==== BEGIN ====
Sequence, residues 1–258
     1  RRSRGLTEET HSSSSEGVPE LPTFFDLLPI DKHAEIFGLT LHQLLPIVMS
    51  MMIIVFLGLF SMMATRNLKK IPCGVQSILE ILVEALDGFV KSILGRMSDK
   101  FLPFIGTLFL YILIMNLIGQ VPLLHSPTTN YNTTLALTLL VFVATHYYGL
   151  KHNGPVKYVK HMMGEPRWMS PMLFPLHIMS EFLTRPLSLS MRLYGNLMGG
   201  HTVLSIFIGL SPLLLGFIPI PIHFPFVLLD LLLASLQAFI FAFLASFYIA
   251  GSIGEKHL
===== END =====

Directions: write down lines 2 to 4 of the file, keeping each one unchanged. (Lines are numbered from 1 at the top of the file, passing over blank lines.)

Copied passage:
     1  RRSRGLTEET HSSSSEGVPE LPTFFDLLPI DKHAEIFGLT LHQLLPIVMS
    51  MMIIVFLGLF SMMATRNLKK IPCGVQSILE ILVEALDGFV KSILGRMSDK
   101  FLPFIGTLFL YILIMNLIGQ VPLLHSPTTN YNTTLALTLL VFVATHYYGL